Let me just preface this post by first saying that these things are obviously particular to my experiences. Each and every birth is different – even between the two I had at the same hospital in Kansas. It’s different depending on how the birth itself goes, what hospital you’re at, your doctor and nurses, etc. So – with that said, here are 10 things that really stuck out to me as different concerning the prenatal visits, the birth itself, and post-birth care!
1. You get a sonogram at every single appointment.
With Lisanna and Arrow, I had two sonograms done – one to confirm the pregnancy and one to determine the gender. With Uriah, I had over twenty sonograms done. Each prenatal appointment includes a sonogram where they check height, weight, position, heartbeat, and amniotic fluid. It’s pretty cool seeing your baby at each appointment!
2. Effacement is not a thing.
I think I was about 36 weeks pregnant when they started checking for dilation and effacement for my first two. So I’d get the number of centimeters and then a percentage concerning my effacement. I was not told my effacement percentage a single time here. What does it mean anyway? I know the technical definition, but personally, those numbers mean nothing concerning when baby will come. The day Uriah was born, I was a three at 9am and had a baby in my arms before 4pm. I was a three for about two weeks before Lisanna was born! Anyway, I didn’t even remember about the effacement percentage until my mom text to ask.
3. There are very few hospitals that offer epidurals.
Japan is split into prefectures and we live in Nara. In the entire Nara prefecture, there is only one hospital (at least that my friends know of) that offers epidurals. Women here just plan on giving birth naturally – that’s how it’s always been done and how it’ll keep being done. Plus, if you do elect to get one you have to pay out of pocket because it is not covered on your government healthcare. I am so thankful that I decided to give birth naturally in the states! There was enough craziness going on without this being my first natural birth, too.
4. You’re in the delivery room from the onset. (not just from a 6)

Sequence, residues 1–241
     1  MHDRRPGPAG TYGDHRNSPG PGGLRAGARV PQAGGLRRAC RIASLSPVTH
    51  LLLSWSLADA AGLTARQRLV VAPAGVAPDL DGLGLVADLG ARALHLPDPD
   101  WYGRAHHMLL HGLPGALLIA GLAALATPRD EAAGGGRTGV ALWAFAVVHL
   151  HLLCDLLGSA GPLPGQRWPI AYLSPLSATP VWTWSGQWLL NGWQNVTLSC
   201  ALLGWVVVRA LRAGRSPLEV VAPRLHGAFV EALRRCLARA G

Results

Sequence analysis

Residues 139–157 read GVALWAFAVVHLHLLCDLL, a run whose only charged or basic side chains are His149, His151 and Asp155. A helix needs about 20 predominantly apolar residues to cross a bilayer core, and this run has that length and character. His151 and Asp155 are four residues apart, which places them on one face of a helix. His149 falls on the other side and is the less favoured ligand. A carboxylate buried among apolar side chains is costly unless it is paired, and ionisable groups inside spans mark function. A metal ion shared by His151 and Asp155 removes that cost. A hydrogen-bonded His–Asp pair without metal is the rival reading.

Now this one I’m a little iffy on because it could actually just be because I was induced. They had me in the room from a three because that’s where I was when they started the induction drugs. But I do remember being administered pitocin with Lisanna in the pre-delivery room and then being wheeled swiftly down the hall when I finally hit a 6. With Uriah, it ended up being a good thing that I was already there because the time from when I hit a 6 to when he took his first breath was only 35 minutes.
5. The delivery nurses have midwife training.
They help with pressure points and breathing. I’m not sure if it was just the translation, but the delivery nurses called themselves midwives. I had a really helpful nurse that reminded me of all my forgotten breathing techniques and pushed on my pressures points throughout each contraction. I’m sure this isn’t the case in every delivery – but she was a rockstar and she’s basically my hero now.
6. There is very little pain medication given.
Okay, so we covered no epidural. I didn’t have an epidural with Lisanna or Arrow, but the second those babies were out of me, the drugs started. They gave me pain killers by IV for a little bit, then really strong medicine for the next five days. I haven’t gotten so much as Tylenol since Uriah has been born. Thankfully my body is amazing and is healing itself quickly, but it was hard to sleep the first night from pain. I know my roommate isn’t doing as well as me because I keep hearing her whisper, “ow, ow, ow!”